Income inequality is seen as the most serious form of disparity both in the U.S. and globally
U.S. shows second-highest level of concern about race and ethnicity-based inequality among 28 countries surveyed
Washington, DC, March 26, 2021 — An Ipsos survey in partnership with Kings College London’s Policy Institute finds that people from 28 countries, including Americans, tend to view income and wealth disparities as the most serious type of inequality in their country. When presented with seven types of inequality and asked which they think are most serious, an average of 60% across all countries, including 57% in the United States select income and wealth inequality.
Americans are more likely to select inequality between racial or ethnic groups (55% do so) than are people from any of the other 27 countries surveyed with the exception of South Africa (65%). While they rank second in the U.S., racial and ethnic disparities rank only sixth globally as they are cited by an average of 29% across all countries.
Inequality between more or less deprived areas ranks second globally and third in the U.S. It is selected by 42% on average across the 28 countries surveyed and 38% of Americans.
There are 10-point differences both globally and in the U.S. between the percentages of women and men who view inequality between genders among the most serious ones in their country: 36% of women vs. 26% of men on average globally, and 35% of women vs. 25% of men in the U.S.
Globally and in the U.S., younger people (under age 35) are more likely to highlight inequality between racial or ethnic groups and between men and women as serious concerns than are their older compatriots.
The survey was conducted among more than 23,000 adults under the age of 75 from December 23, 2020 to January 8, 2021, on Ipsos’ Global Advisor online platform.
Income and wealth inequality
- Fifty-seven percent of Americans believe that inequality in income and wealth is one of the most serious forms of inequality in their country, close to the global average of 60%.
- Americans who live in the Northeast are far more likely to single out income inequality than those living in the West and the South (69% vs. 53% and 52%, respectively).
- Concerns about income and wealth inequality are highest in Russia (83%), South Korea (80%) and Hungary (77%). On the other hand, income inequality is considered relatively less serious in Saudi Arabia (31%), Poland (38%) and Sweden (41%).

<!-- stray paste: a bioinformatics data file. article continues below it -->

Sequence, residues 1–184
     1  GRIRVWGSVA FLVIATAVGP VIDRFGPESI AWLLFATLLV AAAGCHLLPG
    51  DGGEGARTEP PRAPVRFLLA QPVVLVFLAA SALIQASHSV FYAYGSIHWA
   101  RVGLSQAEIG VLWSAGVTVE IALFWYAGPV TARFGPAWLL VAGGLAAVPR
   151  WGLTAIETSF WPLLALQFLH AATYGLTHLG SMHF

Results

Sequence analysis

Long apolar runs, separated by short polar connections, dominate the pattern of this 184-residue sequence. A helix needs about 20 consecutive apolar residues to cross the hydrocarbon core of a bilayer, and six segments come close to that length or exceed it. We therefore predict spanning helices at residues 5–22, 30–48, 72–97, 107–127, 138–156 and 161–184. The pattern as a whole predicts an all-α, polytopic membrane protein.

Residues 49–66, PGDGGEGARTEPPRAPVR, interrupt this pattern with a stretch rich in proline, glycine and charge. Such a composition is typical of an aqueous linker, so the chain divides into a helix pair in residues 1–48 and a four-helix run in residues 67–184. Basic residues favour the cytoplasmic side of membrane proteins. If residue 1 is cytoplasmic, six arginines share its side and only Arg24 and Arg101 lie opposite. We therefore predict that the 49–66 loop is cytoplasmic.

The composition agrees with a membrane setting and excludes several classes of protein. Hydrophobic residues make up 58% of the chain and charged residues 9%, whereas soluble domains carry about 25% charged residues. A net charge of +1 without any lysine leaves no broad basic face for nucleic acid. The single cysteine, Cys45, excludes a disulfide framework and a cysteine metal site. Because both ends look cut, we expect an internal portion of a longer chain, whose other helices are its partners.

- There is little overall relationship between actual income inequality and how serious a problem it is seen in comparison to other inequalities. The fact that Americans rank income disparity as the most serious forms of inequality in their country is in line with the U.S.’s low ranking on objective measures of income equality1. However, income inequality is even more widely perceived as a key concern by citizens of countries whose actual level of income inequality is either low (e.g., Belgium) or high (e.g., Brazil), underscoring that how seriously people perceive this type of inequality to be is unrelated to actual performance on this issue.
Inequality between racial or ethnic groups
- Fifty-five percent of Americans believe inequality between racial or ethnic groups is one of the most serious forms of inequality in their country. This is nearly double the global average (29%) and is second only to South Africa (65%).
- Americans under the age of 35 are more likely (65%) to say that racial inequality is a serious problem in the U.S. than those aged 35-49 (54%) and aged 50-74 (49%).
- Among all countries surveyed, racial inequality is least viewed as a pressing issue in South Korea (8%), Argentina (9%) and Japan (10%).
- Inequality between more and less deprived areas is considered the third most important form of inequality in the U.S., with 38% of Americans believing it to be one of the most serious forms of inequality, slightly less than the global average of 42%.
- American parents (48%) and adults aged 35-49 (46%) are more likely than non-parents and adults of other age groups to view geographic inequality as a serious issue.
- Concern about geographic inequality is highest in Russia (64%) and South Korea (63%), while it is lowest in Germany (22%) and Saudi Arabia (26%).
Inequality in educational outcomes for children